By WAUBGESHIG RICE
Journalist, CBC News
January 29, 2016 – An Anishinaabe cook is using his indigenous language and knowledge of traditional foods to teach people about culture and healthy eating at the Wabano Centre for Aboriginal Health.
Dan Kimewon, from Saugeen First Nation in southern Ontario, is in Ottawa this weekend to talk Anishinaabemowin (also known as the Ojibway language) with community members, lead cooking classes, and share his experiences of growing up with traditional Anishinaabe teachings about growing and preparing food.
“I'm here to teach about a healthy way of life, and how to cook in a healthy way,” said Kimewon, following a lesson with the Wabano diabetes program's community kitchen, where people learn how to make healthy food options to manage diabetes.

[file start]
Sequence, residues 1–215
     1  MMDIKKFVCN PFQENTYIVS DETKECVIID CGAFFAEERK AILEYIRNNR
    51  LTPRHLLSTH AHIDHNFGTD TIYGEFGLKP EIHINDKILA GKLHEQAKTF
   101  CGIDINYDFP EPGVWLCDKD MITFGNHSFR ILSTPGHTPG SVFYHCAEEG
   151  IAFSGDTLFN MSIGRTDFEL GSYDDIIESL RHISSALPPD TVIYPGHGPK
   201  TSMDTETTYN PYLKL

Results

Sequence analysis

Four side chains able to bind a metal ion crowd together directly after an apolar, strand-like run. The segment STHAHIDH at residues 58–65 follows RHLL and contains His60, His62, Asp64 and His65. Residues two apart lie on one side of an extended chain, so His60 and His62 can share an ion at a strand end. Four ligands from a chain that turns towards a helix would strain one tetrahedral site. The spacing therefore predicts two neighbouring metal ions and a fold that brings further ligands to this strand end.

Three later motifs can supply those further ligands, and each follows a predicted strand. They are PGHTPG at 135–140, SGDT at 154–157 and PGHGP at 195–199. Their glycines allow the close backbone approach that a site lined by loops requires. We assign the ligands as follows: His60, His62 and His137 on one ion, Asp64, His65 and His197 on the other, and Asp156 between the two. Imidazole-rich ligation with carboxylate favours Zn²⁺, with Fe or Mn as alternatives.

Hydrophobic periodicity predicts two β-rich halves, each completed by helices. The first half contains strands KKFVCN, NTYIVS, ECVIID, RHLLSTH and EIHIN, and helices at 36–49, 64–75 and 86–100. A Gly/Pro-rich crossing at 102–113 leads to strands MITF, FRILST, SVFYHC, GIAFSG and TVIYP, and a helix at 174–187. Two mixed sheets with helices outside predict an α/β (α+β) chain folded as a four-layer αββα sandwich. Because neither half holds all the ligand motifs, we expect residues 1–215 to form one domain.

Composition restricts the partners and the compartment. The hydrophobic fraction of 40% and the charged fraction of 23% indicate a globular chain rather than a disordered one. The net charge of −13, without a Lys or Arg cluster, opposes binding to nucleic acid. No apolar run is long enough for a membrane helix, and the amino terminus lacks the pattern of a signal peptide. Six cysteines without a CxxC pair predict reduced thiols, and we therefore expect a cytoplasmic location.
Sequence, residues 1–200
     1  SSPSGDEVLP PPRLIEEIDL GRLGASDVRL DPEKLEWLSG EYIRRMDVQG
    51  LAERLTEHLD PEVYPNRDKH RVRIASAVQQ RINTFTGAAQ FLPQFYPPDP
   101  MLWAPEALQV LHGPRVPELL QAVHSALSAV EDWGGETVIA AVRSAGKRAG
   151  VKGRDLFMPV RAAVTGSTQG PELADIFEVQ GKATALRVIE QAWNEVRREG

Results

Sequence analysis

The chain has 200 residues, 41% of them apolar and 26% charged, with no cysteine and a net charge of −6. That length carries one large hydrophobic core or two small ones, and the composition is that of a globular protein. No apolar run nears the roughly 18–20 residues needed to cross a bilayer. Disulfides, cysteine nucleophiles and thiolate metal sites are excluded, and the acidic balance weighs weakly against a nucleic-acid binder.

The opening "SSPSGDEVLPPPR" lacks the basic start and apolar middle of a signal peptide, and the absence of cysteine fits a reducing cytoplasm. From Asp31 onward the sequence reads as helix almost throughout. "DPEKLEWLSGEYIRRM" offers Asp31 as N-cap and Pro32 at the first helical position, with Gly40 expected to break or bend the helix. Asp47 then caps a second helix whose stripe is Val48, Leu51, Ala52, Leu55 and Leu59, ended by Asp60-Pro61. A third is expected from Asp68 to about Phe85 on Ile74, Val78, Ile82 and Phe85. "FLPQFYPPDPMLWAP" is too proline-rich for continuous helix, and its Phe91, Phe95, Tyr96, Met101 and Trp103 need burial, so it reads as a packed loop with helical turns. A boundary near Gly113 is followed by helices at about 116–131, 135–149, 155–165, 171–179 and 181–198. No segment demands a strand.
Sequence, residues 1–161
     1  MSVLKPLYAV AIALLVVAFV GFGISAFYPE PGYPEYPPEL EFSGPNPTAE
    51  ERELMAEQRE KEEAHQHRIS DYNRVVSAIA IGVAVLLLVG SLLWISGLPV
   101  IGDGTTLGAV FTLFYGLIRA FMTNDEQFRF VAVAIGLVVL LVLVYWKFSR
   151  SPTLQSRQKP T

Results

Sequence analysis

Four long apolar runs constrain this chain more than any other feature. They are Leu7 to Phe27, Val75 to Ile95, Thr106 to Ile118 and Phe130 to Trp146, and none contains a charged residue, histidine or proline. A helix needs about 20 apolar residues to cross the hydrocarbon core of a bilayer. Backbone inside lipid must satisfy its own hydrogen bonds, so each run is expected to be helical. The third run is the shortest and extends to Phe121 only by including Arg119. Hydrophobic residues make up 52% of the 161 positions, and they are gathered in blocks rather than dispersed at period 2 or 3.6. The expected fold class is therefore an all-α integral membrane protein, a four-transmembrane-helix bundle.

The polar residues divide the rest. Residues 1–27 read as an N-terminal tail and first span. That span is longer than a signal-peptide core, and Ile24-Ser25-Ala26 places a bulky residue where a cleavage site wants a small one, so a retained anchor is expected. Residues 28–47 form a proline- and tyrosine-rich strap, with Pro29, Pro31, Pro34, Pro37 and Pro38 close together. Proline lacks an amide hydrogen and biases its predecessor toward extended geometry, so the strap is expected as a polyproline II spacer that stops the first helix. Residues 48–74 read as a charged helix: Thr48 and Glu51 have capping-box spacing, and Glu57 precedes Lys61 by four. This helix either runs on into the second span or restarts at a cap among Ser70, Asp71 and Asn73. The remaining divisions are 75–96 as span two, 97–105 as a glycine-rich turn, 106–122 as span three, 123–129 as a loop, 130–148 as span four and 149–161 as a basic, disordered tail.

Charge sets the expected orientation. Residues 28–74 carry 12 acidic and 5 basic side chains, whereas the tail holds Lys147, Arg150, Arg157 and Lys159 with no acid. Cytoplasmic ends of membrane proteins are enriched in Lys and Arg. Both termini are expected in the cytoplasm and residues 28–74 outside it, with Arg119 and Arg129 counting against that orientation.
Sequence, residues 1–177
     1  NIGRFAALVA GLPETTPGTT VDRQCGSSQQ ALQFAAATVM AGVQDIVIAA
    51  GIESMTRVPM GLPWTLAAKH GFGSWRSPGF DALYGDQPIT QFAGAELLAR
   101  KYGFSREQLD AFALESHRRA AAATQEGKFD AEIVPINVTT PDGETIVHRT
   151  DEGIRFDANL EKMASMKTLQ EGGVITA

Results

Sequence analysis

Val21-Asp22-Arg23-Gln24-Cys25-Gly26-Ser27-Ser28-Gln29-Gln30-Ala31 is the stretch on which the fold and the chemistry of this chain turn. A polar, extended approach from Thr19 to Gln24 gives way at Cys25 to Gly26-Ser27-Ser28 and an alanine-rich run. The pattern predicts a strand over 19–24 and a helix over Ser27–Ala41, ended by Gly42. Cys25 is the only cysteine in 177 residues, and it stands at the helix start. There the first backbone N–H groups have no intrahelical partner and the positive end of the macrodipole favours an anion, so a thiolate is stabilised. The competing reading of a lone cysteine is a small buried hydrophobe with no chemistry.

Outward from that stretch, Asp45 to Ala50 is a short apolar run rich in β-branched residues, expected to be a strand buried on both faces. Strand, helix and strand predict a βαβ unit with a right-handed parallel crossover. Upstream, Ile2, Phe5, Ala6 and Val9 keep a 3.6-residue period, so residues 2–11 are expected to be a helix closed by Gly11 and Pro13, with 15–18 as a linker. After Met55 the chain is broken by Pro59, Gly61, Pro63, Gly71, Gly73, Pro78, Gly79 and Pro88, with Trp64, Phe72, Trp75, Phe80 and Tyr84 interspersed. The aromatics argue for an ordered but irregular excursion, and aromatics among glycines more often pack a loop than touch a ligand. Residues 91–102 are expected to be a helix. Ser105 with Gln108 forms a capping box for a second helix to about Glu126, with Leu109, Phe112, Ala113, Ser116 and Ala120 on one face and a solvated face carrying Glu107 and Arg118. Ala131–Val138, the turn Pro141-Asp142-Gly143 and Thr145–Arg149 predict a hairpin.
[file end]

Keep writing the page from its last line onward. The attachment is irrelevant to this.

He encourages people to move away from diets of processed and fast foods in hopes of curbing high rates of diabetes and obesity among indigenous people.
“We've got so many native people that are sick from this, and we've got to understand that,” he said.
Instead, he wants people to embrace more traditional indigenous foods like corn, also known as “mandamin” in Anishinaabemowin. He demonstrates how to prepare corn for soup and other meals in his presentations.
“[Corn] is a way of life of our people,” he said. “It never came from overseas. It's from here. We've always had it.”
Kimewon's hands-on demonstrations in the kitchen include language lessons, where he labels common kitchen items with words in Anishinaabemowin. For example, “mookmaan” is the word for knife.
Morning and afternoon sessions at Wabano on Saturday are free and open to the public.
READ FULL ARTICLE: Cbc.ca,. “Anishinaabe Cook Uses Language To Teach About Traditional Food“. N. p., 2016. Web. 1 Feb. 2016.